Towards the end of 2019, we brought themed networks and landscape profile panels (often but not always the same individuals) together for facilitated, focused conversations with a wider stakeholder group to reach a “consensus for action” beneath each of the strategic themes.
Feedback from one of our themed workshops:
“Thank you for the opportunity I have had to be part of this process, which has been the answer to my concerns… on which I have campaigned for many years”
- Friends of the Earth local campaigner
The outcomes under each of the four strategic themes will deliver the Area Statement vision for South East. While each theme has its own vision for South East, each is part of the same overarching approach to delivering the Sustainable Management of Natural Resources in place.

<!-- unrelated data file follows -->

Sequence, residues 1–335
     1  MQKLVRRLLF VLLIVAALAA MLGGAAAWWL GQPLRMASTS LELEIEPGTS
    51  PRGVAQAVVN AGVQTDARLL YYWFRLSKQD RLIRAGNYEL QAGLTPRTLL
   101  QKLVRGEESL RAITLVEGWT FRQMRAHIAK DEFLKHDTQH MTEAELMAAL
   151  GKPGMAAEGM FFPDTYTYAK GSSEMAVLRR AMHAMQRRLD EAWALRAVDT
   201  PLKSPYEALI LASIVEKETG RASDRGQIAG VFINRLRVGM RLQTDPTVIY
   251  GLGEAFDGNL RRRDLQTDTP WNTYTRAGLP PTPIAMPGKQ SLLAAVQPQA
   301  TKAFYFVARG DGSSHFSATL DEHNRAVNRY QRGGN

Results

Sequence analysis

The South East Area Statement is representative of more collaborative, integrated and involved ways of working. It is a representation of the work we have done in Gwent over the past two years to strengthen the ways we work together differently, within our own organisations and as partners.
In South East, we set out to produce an Area Statement which informs internal and external planning at the appropriate scale and helps stakeholders to consider ways of working together differently when doing so. The Area Statement process is adaptive and will help to explore and shape aspirational ways of working.
Themed networks will continue to focus on working together differently to build ecosystem resilience. Each network will work together to develop a common evidence base as well as facilitate preventative interventions over the longer term.
If you would like to get involved in the delivery of the actions listed here, contribute to the developing themed network, or share your own images and stories of how nature has impacted your own health and well-being, please contact us.